Dear Ms. Scholar, I’ve moved from face-to-face classes to online and am feeling overwhelmed. Everything is taking twice as long as usual. I don’t have childcare and my children are home while I need to work. I have gotten very little writing done. I am wondering how others are facing this daunting workload.
Dear Overwhelmed Online, Unfortunately, your experience is common. Even those of us who have taught online before are having problems. Faculty across this campus, across the country are being asked to do more with less and are, like you, feeling overwhelmed.
Moving online over a single weekend was a crazy pivot that left many of us feeling behinder and behinder. I usually take six weeks to pull together an online course. As Gannon (2020) reminded us, it’s okay not to know what we’re doing, to need to make frequent adjustments, to not know what we’re doing in the way that we’re used to (if that was your previous experience). I walked into my writing-intensive course last week, where a peer review was planned for a large paper, and had to move to Plan B, as peer reviews couldn’t take place in class, at least the way they normally would. (Peer reviews took place later online).
I especially liked Barrett-Fox’s (2020) unfortunately-named article (“Please do a bad job of putting your courses online”). Barrett-Fox reminded us to set reasonable expectations for ourselves:
You are NOT building an online class. You are NOT teaching students who can be expected to be ready to learn online. And, most importantly, your class is NOT the highest priority of their OR your life right now. Release yourself from high expectations right now, because that’s the best way to help your students learn. (para. 2)
Face-to-face classes, when offered online, are not the same as online courses – they are more like a hybrid of the two. Instead, let’s call them “remote learning.” Online students go into their courses with different expectations than those of face-to-face students. My online students are often more independent and accept somewhat more responsibility for their learning. If all classes are taught online in the fall – God forbid! – we will need to respond differently than how we did this semester (Lederman, 2020).
Be patient with yourself – and your students. Our students have needed help getting ready to learn online (e.g., Full Tilt Ahead, n.d.), but so have we. As Sean Michael Morris said,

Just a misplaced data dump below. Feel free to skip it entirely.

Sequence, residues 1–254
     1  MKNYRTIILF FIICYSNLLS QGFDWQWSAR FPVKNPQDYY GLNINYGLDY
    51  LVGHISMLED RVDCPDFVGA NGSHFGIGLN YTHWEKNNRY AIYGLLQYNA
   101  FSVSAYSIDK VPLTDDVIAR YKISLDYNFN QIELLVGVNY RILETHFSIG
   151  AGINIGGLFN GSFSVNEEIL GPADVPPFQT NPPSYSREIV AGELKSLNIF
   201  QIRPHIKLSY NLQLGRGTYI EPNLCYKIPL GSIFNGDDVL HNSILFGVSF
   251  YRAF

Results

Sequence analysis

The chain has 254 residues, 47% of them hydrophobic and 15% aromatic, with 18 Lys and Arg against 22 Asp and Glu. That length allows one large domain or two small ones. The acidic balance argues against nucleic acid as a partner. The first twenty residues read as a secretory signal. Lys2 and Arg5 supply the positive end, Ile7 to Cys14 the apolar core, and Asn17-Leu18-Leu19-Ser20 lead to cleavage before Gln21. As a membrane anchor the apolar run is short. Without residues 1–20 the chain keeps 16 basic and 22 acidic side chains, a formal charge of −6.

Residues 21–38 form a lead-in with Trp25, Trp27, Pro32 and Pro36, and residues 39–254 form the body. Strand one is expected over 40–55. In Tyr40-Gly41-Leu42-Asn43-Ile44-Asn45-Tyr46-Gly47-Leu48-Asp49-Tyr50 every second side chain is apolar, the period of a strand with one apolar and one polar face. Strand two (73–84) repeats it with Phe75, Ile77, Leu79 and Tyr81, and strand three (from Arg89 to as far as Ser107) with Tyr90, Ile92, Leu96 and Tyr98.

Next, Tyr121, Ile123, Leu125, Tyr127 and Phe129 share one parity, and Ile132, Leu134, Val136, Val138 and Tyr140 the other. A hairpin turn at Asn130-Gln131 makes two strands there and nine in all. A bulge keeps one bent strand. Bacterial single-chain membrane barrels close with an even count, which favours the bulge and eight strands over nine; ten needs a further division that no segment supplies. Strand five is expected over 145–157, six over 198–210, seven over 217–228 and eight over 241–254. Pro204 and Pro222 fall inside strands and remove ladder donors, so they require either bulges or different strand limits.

Recognizing that we’re also human, we also have to figure this out together is incredibly important. The idea of being able to just port what you’re doing in a classroom into an online environment has its own problems. But trying to do that in the midst of a pandemic is another problem altogether. (quoted in Kamenetz, 2020, para. 8)
One of the things that I have enjoyed during this period is that we may have been socially distanced, but we have been supporting each other like mad. The Learning Technology Center, of course, gets a call out and many, many thanks, but my colleagues, too – wow! I am thankful for their generosity, their time and energy, and their brainstorming through the difficulties we are all facing.
Our students also deserve a call out. This is not something that they chose, but my students have been patient as I have struggled with technological problems and made mistakes. As Moats (2020) says about one of her professors, “Even when she does get confused, she asks us for help, and we all just figure it out together” (para. 6). I have been honest with my struggles with technology, and they have been extraordinarily patient. Knowing that we are in it together has felt good. They have talked about their lost jobs, internships, and relationships; their internet and computer problems; and their difficulties with the transition online – and they are also talking about the good things.
I continue to struggle and feel overwhelmed – but am also feeling excited and enjoying the challenges raised by these last several weeks. I feel for those of you who who have small children at home, poor internet access, or were already feeling stressed with the semester’s demands – this job was already difficult. And, for those of you with limited social and professional supports, reach out for help, even if it is just for an ear. Please, keep in touch! — Ms. Scholar
Barrett-Fox, R. (2020). Please do a bad job of putting your courses online. https://anygoodthing.com/2020/03/12/please-do-a-bad-job-of-putting-your-courses-online/
Full Tilt Ahead. (n.d.). Student remote learning toolkit. https://rise.articulate.com/share/q5PJ6FkM4hdBgswxECMQ792L21rAZ07C?fbclid=IwAR0WS4DrDI3TteHoSt0MIlSg5exkqpjbUHWi-zMy0p-vXO3XT3SK7XI78As#/lessons/dOaUbPSi0vRlIqogP_dcouDEBBmMFWGN
Gannon, K. (2020, March 12). How to make your online pivot less brutal. Chronicle of Higher Education. https://www.chronicle.com/article/How-to-Make-Your-Online-Pivot/248239
Kamenetz., A. (2020, March 19). ‘Panic-gogy’: Teaching online classes during the coronavirus pandemic. NPR. https://www.npr.org/2020/03/19/817885991/panic-gogy-teaching-online-classes-during-the-coronavirus-pandemic
Lederman, D. (2020, April 1). Preparing for a fall without in-person classes. Inside Higher Ed. https://www.insidehighered.com/digital-learning/article/2020/04/01/preparing-quietly-fall-semester-without-person-instruction
Moats, K. (2020, March). We know you’re trying: An open letter to our professors. Onward State. https://onwardstate.com/2020/03/31/we-know-youre-trying-an-open-letter-to-our-professors/
If you have questions regarding teaching, student/faculty issues, or other comments/suggestions, please write to: Ms. Scholar c/o MsScholarCU@gmail.com